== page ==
Dairy industry leaders have vowed to rise to the challenge of delivering a more stable footing for farmers, following talks to discuss the plight of the distressed sector in Skipton this week.
The mood among delegates at the Rendezvous Hotel for the Northern Dairy Conference, organised annually by the National Farmers’ Union (NFU), was one of frustration.
Around 100 farmers attended the event which came towards the end of a year when farmgate dairy prices have tumbled month after month since February. By October milk prices averaged 29.71 pence per litre, according to the most recent data published by levy board DairyCo.
Gwyn Jones, DairyCo’s new chairman, was one of the high-profile industry speakers at Tuesday’s conference, and he told the audience: “I know dairy farmers, not for the first time, are facing difficulties which are not of their own making. I fully appreciate that the fluctuating dairy markets and milk prices is creating uncertainty and hardship, leading many farmers to look long and hard at their situation.”
Global factors have affected returns for farmers, such as the Russian import embargo brought in response to sanctions from the West over Russia’s role in the political unrest in Ukraine.
But Mr Jones vowed that DairyCo would fight to improve the situation.
Speaking after the conference, he said: “In my term of office I want to do all I can to help the industry to react more quickly to good ideas and encourage the industry to work more collaboratively to cope better with the difficulties we face, such as market volatility.
“Although DairyCo cannot wave the current problems away, we do have some answers to some problems. We know from our research and contact with farmers across Scotland, England and Wales that those levy payers ’engaged’ most closely through events, R&D projects, discussion groups and other initiatives welcome the contribution we make and farmers tell us the information and experiences shared, helps them progress.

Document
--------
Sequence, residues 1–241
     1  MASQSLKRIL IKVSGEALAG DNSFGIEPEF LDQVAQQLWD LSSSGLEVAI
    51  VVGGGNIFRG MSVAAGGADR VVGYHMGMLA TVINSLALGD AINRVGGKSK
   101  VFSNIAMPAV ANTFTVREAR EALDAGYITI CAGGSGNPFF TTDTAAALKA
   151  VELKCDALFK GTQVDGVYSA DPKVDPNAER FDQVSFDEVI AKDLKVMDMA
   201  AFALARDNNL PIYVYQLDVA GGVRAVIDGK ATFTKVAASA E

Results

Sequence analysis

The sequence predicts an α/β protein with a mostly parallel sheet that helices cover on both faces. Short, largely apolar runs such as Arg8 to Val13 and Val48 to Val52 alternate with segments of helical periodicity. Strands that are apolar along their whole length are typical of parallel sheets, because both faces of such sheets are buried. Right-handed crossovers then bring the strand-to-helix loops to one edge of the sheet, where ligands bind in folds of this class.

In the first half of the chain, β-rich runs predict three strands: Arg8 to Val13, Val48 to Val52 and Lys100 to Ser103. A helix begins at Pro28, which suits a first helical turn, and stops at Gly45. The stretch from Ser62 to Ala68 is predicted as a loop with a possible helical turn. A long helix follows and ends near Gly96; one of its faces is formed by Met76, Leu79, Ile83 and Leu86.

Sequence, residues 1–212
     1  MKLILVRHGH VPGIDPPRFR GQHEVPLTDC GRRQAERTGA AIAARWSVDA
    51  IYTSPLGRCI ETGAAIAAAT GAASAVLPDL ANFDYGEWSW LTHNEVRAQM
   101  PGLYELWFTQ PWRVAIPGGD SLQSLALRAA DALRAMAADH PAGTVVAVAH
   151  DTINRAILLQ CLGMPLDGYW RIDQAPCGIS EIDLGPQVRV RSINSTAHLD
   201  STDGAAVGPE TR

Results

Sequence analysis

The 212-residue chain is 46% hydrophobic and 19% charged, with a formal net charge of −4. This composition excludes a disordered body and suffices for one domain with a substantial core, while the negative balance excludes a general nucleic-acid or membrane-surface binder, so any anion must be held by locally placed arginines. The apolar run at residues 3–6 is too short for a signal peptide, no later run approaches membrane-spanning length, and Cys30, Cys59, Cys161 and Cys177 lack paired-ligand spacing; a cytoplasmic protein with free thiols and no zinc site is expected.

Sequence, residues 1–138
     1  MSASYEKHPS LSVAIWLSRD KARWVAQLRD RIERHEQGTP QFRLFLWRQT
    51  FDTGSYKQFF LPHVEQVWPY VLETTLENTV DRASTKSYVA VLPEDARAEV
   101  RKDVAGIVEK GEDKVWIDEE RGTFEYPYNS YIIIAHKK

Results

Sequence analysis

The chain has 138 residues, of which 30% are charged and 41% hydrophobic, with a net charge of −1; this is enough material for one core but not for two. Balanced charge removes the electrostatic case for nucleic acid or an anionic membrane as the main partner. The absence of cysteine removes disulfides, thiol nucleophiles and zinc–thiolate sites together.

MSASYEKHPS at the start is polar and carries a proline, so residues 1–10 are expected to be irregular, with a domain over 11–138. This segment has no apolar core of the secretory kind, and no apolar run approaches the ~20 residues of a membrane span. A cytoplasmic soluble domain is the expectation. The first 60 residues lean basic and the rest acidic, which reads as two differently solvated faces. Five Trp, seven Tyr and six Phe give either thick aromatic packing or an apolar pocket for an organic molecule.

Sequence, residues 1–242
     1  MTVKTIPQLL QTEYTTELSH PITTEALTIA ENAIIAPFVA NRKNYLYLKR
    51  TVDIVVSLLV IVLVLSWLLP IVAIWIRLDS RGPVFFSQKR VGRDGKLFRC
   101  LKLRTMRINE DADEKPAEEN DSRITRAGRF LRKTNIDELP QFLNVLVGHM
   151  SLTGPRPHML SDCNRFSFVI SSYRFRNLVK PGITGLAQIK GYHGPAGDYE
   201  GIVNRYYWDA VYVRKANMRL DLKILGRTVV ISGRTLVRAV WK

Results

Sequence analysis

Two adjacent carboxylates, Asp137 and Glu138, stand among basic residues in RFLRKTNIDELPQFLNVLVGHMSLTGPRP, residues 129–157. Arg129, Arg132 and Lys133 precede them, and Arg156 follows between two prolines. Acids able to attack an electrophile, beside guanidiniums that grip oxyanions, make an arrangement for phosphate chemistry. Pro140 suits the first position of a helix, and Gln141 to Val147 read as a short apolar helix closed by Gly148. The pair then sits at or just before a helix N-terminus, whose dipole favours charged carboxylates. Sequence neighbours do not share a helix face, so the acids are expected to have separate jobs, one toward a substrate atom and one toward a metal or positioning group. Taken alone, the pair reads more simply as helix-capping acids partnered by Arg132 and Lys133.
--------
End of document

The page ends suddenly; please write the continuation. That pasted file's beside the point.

“We can compete for markets across the world and we must use everything available to help us achieve our goal.
“We have been actively engaging with the public and this has increased the number of visitors to our thisisdairyfarming.com website. We have a growing amount of people ‘talking’ through Twitter and social media about current dairy issues. Public facing communications are aimed at shoppers and we also have educational programmes targeting young people through teachers that are designed to help everyone understand where milk comes from.
The NFU’s dairy board chairman Rob Harrison said he shared farmers’ frustrations over price cuts and revealed that the number of dairy farmers operating in England and Wales had dropped below 10,000 dairy farmers for the first time this month.
Some possible solutions raised by delegates included supermarkets doing more to promote British dairy products to raise demand from customers and the setting up of a ‘futures market’ whereby a price would be agreed with farmers up front for a proportion of their product over a set period.